Sunday, August 19, 2007

Hótel Hellissandur, Hellissandur, Iceland

At breakfast this morning they were playing the same damn song, still on repeat. I can’t imagine what it must be like for the people who work here.

Some cereal and gjetost1 later we got into the car for the drive to Hvamm. Hellissandur is at the western end of the Snuffelupisberg2 peninsula, and Hvamm is all the way around Hvammsfjord3. Directly it might be an easy trip. Going all the way around the fjord takes some time. Particularly when you’re stopping every few kilometers for a photo op.


Dad’s pretty taken with the countryside, but I find the colors dull and generally uninspiring. The mountains, while large, are so eroded that they look to be piles of dirt. Big piles, mind you, but piles none the less.


Which is not to say that someone who had a better night’s sleep might not feel differently. I’m pretty sure someone was moving furniture around the hotel until well after midnight last night.


The peninsula is deceptively long, and it took us nearly 2 hours to reach Bodahumfumfumfur4, one of the larger towns we would be passing. We were wondering, when we were maybe 45km away, whether or not we should try to make it all the way there. The drive had become tedious. Really tedious. After a delightful lunch of overcooked hotdog with suspect toppings and 2 pieces of decent apple pie from the local gas station (the pizza joint wasn’t open) we felt much better and continued on.


You have to put a lot of blind faith into these roads. First that just because it’s not paved doesn’t mean it’s not a main road, and second, that it really is wide enough for you and that car barreling in your direction.



First stop was Krosshólar5...


where Aud supposedly erected a bunch of crosses (she’d converted from Paganism to Christianity).

My folks

Now there’s a recently-erected stone cross that says something about her in Icelandic. Plans for translation are pending.

One day I will translate this


Then on to Hvamm – her settlement in Iceland – where there’s now a private farm and a sign with historical factoids (the last of which is completely baffling)6.


We took pictures,


Hvamm farm

scoured the ground for any very unlikely artifacts,


and took off back again.


(The uncountable islands)

Then to Kambsness (we think -- there wasn't a sign, though the map said it was right) where she'd lost her comb. It's now an airport so we couldn't get too close (though I'm pretty sure the security wasn't exactly rock-solid).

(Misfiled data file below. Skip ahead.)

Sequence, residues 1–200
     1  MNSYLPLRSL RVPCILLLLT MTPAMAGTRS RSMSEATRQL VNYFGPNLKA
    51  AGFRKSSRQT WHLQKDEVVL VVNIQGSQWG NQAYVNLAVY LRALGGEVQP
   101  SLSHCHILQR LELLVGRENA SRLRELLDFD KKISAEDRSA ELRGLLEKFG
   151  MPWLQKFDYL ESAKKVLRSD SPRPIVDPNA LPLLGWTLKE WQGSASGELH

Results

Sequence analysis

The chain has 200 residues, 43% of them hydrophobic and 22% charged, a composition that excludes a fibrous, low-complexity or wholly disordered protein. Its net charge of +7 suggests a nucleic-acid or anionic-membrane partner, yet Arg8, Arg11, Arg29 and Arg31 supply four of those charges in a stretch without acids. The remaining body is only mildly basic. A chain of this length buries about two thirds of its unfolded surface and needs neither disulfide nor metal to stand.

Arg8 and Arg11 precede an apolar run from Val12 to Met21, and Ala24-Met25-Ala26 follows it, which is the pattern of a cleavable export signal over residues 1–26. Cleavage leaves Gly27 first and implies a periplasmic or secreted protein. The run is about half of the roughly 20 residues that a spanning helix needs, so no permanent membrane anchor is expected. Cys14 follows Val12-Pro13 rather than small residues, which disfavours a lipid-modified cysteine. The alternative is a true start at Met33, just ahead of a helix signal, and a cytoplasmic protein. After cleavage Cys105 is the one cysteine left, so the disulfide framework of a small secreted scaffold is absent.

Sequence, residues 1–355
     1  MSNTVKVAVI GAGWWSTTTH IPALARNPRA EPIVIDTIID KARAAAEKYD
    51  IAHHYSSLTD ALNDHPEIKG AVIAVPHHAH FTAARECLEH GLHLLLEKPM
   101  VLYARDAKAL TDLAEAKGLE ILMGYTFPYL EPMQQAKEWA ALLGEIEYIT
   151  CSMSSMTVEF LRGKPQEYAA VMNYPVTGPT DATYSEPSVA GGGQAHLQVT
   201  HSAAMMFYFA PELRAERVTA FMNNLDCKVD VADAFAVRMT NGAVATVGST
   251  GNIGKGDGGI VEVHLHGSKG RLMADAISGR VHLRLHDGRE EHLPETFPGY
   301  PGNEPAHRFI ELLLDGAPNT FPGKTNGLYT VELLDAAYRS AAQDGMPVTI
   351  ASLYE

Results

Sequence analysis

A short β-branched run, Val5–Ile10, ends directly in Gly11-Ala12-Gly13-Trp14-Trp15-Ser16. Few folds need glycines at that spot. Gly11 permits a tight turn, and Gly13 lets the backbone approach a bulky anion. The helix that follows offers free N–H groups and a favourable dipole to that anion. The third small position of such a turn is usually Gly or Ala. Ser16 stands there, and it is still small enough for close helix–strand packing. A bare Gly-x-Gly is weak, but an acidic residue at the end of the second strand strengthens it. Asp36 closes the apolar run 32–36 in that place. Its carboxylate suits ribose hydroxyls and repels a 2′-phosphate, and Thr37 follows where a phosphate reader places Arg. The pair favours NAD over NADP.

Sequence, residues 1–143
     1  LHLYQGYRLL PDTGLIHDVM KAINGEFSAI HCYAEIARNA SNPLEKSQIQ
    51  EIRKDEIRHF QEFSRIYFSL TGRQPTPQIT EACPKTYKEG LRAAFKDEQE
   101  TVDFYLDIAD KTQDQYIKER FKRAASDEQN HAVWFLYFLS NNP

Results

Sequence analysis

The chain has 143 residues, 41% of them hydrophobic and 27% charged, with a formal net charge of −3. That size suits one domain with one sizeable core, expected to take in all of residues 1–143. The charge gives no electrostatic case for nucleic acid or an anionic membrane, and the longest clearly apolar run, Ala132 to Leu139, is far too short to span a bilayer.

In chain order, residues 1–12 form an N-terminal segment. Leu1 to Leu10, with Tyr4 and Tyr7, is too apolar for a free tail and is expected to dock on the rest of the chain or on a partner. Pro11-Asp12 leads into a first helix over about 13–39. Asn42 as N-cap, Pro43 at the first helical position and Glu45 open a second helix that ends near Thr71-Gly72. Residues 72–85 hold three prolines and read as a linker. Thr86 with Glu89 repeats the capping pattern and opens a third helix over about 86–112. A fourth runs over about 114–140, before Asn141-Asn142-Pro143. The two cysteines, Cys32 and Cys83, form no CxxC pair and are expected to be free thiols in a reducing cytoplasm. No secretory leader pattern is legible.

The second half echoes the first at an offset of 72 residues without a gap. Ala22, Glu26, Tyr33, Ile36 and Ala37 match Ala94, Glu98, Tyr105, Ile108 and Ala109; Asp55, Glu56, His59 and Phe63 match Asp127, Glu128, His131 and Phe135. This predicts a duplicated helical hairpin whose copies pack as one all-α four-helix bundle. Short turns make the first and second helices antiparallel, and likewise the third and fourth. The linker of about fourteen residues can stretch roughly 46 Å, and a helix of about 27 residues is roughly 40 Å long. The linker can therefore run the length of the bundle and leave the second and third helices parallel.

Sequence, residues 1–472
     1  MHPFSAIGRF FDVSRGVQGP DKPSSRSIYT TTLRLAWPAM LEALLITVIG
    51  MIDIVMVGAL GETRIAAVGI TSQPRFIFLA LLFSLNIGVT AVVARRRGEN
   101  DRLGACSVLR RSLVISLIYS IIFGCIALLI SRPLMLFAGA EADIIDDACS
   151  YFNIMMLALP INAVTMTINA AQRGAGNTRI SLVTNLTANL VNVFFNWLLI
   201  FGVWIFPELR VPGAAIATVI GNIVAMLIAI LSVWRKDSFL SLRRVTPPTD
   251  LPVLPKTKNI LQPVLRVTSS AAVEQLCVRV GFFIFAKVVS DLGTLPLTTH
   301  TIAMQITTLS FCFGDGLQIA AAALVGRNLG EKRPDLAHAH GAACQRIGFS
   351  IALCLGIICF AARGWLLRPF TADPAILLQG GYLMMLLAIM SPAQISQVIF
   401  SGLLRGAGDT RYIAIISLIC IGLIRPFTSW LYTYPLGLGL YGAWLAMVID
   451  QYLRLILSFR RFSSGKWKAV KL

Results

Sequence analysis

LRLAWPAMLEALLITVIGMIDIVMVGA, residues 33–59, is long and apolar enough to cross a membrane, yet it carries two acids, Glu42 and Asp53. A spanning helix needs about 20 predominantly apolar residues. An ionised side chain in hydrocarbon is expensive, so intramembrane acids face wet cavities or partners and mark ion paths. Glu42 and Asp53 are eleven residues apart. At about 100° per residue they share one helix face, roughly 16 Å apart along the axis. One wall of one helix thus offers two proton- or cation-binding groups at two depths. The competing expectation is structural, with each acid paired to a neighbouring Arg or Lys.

Finally we stopped to wander a black sand beach.


I tramped over some rocks and out onto a small cliff.


(Click for note)



(The view from the cliff)

We encountered some more arctic terns feeding their young. The adolescents would wait on the beach, and the parents would take off, find food, drop it in front of their babies, and head out for more. I’m sure human parents of teenagers can relate.


After some rest and relaxation we went back out to Olafswhatever 7 for dinner, noshed on some lamb and talked Aud (question: DID she take advantage of her stable boys after her husband died? Discuss). No “My Way,” but lots of 80’s American pop. Now it’s 8:30 and looks like 5pm outside.

Tomorrow, whale watching. Mmm!

1 A caramel-flavored cheese that I never buy because it’s su-u-u-per expensive.
2 Snæfellsnes
3 Hvammsfjör∂ur
4 Bú∂ardalur
5 ?
6 "Around the year 890 Unnur the Deep minded from Dögur∂ará settled the land between the outer edge of Hvammssveit and Skraumuhlaupsá in Hör∂adalur. She built her farm at Hvammur and for a long time after her kin lived there. Unnur was Christain.

The father of the Sturlunga-family, Sturla Þór∂arsson (1115-1183), lived at Hvammur. He was of the ninth generation counting from Unnur the Deep minded. His sons Þór∂ur, Sighvatur and Snorri were born there.

Ámi Magússon (1663-1730), professor and collector of manuscripts, grew up at Hvammur.

Priest would remain at Hvammur. Since the Reformation until 1944 only 15 priests held the position."

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